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How to Improve Lyrics


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When I write songs I start with some seed idea or phrase or just the title. Something that triggers an emotion in me.

 

IMO Bob Dylan is the best lyric writer out there at this point in history-- power, variety, and scope.

I've read Jimmy Webb's book on songwriting and have some ideas about what to do to improve lyrics that I use.

 

Here's some random ideas from various sources:

 

1)Jimmy Webb- Use a rhyming dictionary. rhymezone.com. I also use thesaurus.com to try to find the most powerful and precise variation on a word.

Compare "walk" with leap, crawl, stagger, stumble .

 

2) The songwriting teacher from Berkley has a YouTube video, he espouses the idea that more powerful VERBS are what improve lyrics, not the adjectives. Some prose writers argue that adjectives are weakening elements, but they all use them. I think the point is that the adjectives should be good-- precise, sensory-related, specific and evocative. But plausible.

 

3) Traditional RHYMING Is important, but I believe other types of RHYMING (INTERNAL RHYMING) and ALLITERATION are close behind. Below, the brown and town are obvious.

But also effective is the alliteration of passports and painting, plus the internal rhyme of filled and sailors. It's easy to miss-- the "ill" sound is in the middle of both.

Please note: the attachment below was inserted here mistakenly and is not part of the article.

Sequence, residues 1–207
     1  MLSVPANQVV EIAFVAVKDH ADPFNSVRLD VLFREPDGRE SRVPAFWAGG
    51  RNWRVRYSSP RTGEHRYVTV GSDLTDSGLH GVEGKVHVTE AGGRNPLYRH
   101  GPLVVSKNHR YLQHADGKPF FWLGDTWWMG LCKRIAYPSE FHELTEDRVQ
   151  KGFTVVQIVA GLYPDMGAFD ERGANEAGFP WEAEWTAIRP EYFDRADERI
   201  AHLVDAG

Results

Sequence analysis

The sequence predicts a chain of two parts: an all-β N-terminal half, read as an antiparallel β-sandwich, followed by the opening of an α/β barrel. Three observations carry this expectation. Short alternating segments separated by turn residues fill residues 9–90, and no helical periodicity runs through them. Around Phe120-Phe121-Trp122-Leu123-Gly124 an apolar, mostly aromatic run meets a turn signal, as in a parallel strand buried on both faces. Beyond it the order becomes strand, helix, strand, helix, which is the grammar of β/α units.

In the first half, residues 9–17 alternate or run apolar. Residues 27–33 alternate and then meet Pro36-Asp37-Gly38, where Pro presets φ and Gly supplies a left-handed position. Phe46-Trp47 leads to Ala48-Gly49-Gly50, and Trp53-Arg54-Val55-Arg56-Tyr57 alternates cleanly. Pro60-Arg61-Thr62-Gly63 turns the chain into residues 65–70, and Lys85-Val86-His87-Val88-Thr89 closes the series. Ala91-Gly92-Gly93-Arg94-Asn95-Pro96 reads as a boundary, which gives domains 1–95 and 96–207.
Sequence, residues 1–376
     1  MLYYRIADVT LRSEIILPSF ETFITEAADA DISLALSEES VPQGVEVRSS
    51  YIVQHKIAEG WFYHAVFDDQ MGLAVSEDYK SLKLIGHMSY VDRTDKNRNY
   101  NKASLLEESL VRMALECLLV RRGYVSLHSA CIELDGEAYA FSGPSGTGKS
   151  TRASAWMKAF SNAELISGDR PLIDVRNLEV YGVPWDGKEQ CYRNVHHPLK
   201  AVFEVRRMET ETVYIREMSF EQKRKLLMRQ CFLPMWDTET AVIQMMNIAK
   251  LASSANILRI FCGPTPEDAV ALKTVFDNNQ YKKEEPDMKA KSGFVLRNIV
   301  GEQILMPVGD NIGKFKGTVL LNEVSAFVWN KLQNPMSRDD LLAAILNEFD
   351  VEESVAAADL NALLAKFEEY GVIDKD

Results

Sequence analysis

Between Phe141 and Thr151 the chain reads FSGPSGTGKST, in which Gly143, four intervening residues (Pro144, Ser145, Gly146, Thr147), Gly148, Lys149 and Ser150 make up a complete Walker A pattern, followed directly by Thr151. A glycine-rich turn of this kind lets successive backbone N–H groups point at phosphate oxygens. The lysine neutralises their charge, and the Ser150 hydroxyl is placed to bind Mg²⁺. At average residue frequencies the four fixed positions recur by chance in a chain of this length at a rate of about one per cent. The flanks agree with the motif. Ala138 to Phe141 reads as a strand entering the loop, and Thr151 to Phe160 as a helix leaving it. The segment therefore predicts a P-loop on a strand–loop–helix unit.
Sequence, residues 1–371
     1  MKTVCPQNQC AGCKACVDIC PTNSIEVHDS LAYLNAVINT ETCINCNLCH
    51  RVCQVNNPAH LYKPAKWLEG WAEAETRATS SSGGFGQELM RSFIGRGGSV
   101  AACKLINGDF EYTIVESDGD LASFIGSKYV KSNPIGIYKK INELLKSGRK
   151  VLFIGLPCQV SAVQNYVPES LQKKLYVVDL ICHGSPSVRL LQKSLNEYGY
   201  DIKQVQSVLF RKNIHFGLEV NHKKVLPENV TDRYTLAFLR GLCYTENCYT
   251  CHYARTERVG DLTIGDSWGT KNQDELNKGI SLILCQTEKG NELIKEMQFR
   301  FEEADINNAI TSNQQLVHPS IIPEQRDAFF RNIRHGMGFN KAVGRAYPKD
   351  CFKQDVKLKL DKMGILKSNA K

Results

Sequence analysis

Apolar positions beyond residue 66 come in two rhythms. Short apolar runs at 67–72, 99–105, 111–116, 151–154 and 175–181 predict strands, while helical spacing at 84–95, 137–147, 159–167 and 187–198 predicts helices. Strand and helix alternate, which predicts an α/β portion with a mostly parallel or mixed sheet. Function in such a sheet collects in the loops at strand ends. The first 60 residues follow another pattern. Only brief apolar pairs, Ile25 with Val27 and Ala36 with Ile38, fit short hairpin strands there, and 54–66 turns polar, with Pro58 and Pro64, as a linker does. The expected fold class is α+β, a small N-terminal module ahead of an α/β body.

It is non-tonal music. There is a partial rhyme -- the end of circus and is. Spelling can be deceptive.

 

From DESOLATION ROW released when Dylan was only 24

 

They're selling postcards of the hanging,

They're painting the passports brown

The beauty parlor is filled with sailors,

the circus is in town

 

4) PROGRESS/ESCALATION- In this verse, he progressively reveals more about the setting, placing you there. It's not just disjointed images.

The sense of corruption is frightening, ominous, corrupt, unstable.

 

Here comes the blind commissioner, (corruption)

they've got him in a trance (Who's they?)

One hand is tied to the tight-rope walker, ( On one hand unstable, on the other self-corrupting)

the other is in his pants

 

5) INTERESTING PERSONAGES. I'm trying to use alliteration with P. ;-)

Many times Dylan overcomes the brevity required in song lyrics by introducing characters of a well-known "type" or an adjective-character combination. Here and in other places

he introduces several evocative characters in just 8 lines.

Specifically, postcard sellers, passport painters, sailors,blind commisioner, tight-rope walker, and by suggestion also beauty parlor and circus people.

SEVEN types of people , or individuals , in eight lines. We are conditioned to respond to people , to feel emotion and if you can pick them right they trigger something in listeners.

Compare this to a song to one person.

 

6) Strongly EVOCATIVE ACTION: Some is depressing. The hanging was a reflection of a lynching of black circus workers in Duluth, MN Dylan's uncle was aware of it in the 1920s/30s

People are selling, painting, going to beauty parlor, walking tightropes, masturbating, being "tied" to someone in danger. Again, all these people, all these actions00 in EIGHT lines.

 

7) PANORAMIC- You see a lot of the town where the lynching was, there's the recent past crime scene, they sellers, the parlor, the surrealistic commissioner.